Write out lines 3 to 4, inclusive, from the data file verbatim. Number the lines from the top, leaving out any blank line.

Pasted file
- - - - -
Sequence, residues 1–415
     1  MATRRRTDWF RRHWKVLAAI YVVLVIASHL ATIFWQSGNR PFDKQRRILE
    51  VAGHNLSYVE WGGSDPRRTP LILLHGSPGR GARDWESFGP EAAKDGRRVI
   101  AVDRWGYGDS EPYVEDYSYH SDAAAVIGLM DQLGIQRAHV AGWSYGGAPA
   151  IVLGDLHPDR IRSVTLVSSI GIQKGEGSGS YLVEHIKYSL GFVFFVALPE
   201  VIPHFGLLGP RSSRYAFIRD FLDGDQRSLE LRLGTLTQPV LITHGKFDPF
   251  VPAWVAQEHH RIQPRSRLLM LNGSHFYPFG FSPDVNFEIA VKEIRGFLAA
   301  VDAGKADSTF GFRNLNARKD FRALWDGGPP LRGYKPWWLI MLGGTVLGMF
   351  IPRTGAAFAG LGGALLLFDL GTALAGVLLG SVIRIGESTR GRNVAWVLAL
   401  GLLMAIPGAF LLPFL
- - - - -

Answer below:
    51  VAGHNLSYVE WGGSDPRRTP LILLHGSPGR GARDWESFGP EAAKDGRRVI
   101  AVDRWGYGDS EPYVEDYSYH SDAAAVIGLM DQLGIQRAHV AGWSYGGAPA